Monday, June 22, 2015

The Night Strangers by Chris Bohjalian

Chris Bohjalian has become one of my favorite writers. The Double Bind, The Sandcastle Girls, and Skeletons at the Feast were about topics as diverse as a horrible assault on a biker, the Armenian Genocide, and problems facing German citizens on the eastern side of their country as World War II ends. The latest one of his I've read is The Night Strangers published in 2011. This one takes another direction entirely. It's about Chip Linton, a commercial airplane pilot, whose jet crashes in Lake Champlain. Thirty-nine people die in the wreck, so his wife, Emily, and he decide to move with their twin daughters from Pennsylvania to New Hampshire to make a new start. The problem is they move to a place that has its own malevolent history.

Bohjalian has shown he can write historical fiction and he's shown he can weave his characters into the plots of other classic writers without losing a sense of reality. So it should come as no surprise that he can bring ghosts and witches into this novel while still having his readers believe in and care about his characters.

At its core this story is about Chip and Emily's relationship after they've suffered through a major trauma and their relationship with their daughters. It's about psychology as much as it's about paranormal events and that's what makes it a good novel. But there are some interesting aspects to their relationship with their new house as well:

The items that left Emily troubled were the crowbar, the knife, and the ax. She found their presence alarming and was relieved that it was she who had come across them, rather than Hallie or Garnet. She found the crowbar in the back of the closet of the second-floor bedroom that once had belonged to one of the Dunmore boys, a room that was going to be a guest bedroom now. It was upright in a corner and might merely have been there for years, forgotten. The knife was a carving knife with a pearl handle, and while the handle was discolored with age, the blade, though rusted, was sharp as new. Emily found it underneath a wrought-iron heating grate in the master bedroom – what was now her and Chip's bedroom – and she only noticed it because she was considering replacing the dingy black grille with something more attractive from a home restoration catalog And so she happened to spin the grate and there it was. Some of the metal latticework had been sawed off, allowing the knife to be slipped into place – and quickly removed. And, finally, there was that ax – a hatchet, really. She found it behind some ancient (and scarily toxic) cleaning supplies that Hewitt Dunmore had left underneath the kitchen sink. It was the length of her arm from her elbow to the tip of her finger.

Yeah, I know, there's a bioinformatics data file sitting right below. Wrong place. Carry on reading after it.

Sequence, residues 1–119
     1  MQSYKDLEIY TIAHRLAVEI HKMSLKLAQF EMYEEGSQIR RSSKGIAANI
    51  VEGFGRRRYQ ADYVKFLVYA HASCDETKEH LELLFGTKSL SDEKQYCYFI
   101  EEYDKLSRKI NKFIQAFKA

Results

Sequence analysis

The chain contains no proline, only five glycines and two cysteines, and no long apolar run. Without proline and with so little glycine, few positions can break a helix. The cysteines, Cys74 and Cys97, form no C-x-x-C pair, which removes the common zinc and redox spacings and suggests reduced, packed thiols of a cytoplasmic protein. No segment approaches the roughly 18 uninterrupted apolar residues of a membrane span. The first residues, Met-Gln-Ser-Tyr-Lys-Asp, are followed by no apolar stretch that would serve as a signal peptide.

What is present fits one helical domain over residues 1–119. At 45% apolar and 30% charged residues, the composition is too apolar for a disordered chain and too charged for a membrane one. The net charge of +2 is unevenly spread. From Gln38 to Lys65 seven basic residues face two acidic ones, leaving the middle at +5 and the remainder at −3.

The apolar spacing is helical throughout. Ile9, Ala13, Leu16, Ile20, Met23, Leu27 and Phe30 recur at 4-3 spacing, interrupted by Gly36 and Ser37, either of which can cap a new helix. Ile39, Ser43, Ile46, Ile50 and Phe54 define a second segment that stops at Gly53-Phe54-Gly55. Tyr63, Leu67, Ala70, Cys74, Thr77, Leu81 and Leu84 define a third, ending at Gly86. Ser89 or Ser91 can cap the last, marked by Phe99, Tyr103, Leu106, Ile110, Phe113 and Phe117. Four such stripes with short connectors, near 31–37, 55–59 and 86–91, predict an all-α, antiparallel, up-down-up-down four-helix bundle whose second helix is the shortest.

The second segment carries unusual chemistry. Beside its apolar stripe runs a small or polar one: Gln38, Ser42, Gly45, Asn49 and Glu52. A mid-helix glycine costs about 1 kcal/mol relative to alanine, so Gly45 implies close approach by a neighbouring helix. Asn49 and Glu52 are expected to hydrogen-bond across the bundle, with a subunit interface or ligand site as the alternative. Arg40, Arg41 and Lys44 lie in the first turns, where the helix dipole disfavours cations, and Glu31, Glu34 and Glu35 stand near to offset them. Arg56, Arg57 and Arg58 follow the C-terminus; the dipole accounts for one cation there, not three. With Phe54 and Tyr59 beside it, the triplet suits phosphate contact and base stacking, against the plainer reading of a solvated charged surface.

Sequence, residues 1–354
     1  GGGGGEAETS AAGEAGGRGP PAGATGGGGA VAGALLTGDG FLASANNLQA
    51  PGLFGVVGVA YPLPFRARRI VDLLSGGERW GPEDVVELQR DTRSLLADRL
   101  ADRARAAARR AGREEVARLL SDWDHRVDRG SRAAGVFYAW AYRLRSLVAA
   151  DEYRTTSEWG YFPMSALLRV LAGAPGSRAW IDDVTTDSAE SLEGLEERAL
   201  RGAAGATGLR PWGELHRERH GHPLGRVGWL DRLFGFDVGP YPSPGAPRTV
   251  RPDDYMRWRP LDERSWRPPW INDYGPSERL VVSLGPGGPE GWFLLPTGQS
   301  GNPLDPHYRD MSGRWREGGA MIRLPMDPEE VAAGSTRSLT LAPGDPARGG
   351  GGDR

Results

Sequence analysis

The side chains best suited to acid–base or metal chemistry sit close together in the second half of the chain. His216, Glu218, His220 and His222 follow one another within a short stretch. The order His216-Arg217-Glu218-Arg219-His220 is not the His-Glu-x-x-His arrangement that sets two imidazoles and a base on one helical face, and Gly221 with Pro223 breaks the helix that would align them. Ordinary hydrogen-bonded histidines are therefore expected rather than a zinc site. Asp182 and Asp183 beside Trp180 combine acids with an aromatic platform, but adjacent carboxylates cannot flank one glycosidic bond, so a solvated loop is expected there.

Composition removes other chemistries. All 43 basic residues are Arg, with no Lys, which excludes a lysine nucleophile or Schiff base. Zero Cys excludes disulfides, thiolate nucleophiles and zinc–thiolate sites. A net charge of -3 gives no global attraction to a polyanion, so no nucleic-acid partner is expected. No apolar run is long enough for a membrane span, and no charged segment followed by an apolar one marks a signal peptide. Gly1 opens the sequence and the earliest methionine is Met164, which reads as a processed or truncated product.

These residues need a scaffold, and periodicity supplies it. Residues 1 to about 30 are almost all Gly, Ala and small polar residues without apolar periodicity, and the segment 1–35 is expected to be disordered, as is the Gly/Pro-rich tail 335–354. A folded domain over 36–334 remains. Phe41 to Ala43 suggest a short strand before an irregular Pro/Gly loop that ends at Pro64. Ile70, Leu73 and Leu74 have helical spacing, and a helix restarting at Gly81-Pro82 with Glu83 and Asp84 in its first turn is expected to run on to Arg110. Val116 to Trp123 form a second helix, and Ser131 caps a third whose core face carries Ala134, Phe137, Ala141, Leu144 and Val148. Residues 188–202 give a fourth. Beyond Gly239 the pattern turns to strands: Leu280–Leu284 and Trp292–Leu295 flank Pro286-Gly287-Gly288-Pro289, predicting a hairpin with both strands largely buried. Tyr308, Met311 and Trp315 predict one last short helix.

Steve Lindahl – author of White Horse Regressions and Motherless Soul

Saturday, June 6, 2015

Ghosts and Trauma in Silence of the Dead by Simone St. James

Silence for the Dead is a ghost story mixed with a story of veterans suffering from PTSD at the end of World War I. Simone St. James' writing emphasizes the characters and the plot rather than the language, a great style for a good storyteller.

The novel is set in England in an era that was not easy for the average person. The soldiers that come back from the war with issues are hidden away. And that luxury is expensive, so it is only available to the men from wealthy families. Instead of compassion, society pushes shame on these warriors. But the military veterans are not the only ones who suffer from a hard culture. Kitty Weekes has nowhere to turn when facing an abusive situation. To survive she has to use her wits and her ability to lie.

The strong characters are the best part of this book. Kitty is impulsive, but caring, a wonderful center for the story. The other nurses have their quirks, but are also interesting and often caring people. Jack Yates, the lead male character, is a bit cliché at times, but I like the way their romance progresses. Some of the patients are wounded physically, but all are dealing with trauma as well as a situation that is unique to the hospital set up in Portis House, an isolated, old mansion that had once been luxurious but is now falling apart.

We live in a time of ongoing wars which makes post-traumatic stress disorder a current and important issue. The best aspect to this novel is how Simone St. James brought this out while telling an interesting story.

Steve Lindahl – author of Motherless Soul and White Horse Regressions